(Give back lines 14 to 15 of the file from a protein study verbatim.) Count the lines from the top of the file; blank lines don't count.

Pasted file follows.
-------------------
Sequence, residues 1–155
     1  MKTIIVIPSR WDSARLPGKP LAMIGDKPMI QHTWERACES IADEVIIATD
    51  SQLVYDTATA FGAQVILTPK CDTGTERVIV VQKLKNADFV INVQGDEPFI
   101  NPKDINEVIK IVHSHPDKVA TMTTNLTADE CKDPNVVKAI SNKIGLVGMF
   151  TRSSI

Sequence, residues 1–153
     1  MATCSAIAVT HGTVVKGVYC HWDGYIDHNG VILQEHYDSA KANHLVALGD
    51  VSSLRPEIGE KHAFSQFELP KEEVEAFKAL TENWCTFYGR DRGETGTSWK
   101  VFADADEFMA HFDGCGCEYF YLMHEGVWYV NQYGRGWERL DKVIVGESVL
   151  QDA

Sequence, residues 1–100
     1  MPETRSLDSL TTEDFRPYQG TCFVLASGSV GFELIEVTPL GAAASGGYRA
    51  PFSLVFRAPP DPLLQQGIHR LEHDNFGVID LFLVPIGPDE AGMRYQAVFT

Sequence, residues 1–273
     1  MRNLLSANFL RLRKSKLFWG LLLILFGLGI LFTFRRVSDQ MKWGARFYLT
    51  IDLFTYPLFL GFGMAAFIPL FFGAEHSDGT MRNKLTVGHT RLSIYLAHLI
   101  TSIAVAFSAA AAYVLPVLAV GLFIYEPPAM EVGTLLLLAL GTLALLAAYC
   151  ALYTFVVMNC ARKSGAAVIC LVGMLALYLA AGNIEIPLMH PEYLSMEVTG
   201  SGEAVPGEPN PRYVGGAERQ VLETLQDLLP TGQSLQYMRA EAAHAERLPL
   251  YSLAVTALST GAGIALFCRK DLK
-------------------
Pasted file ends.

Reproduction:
Sequence, residues 1–273
     1  MRNLLSANFL RLRKSKLFWG LLLILFGLGI LFTFRRVSDQ MKWGARFYLT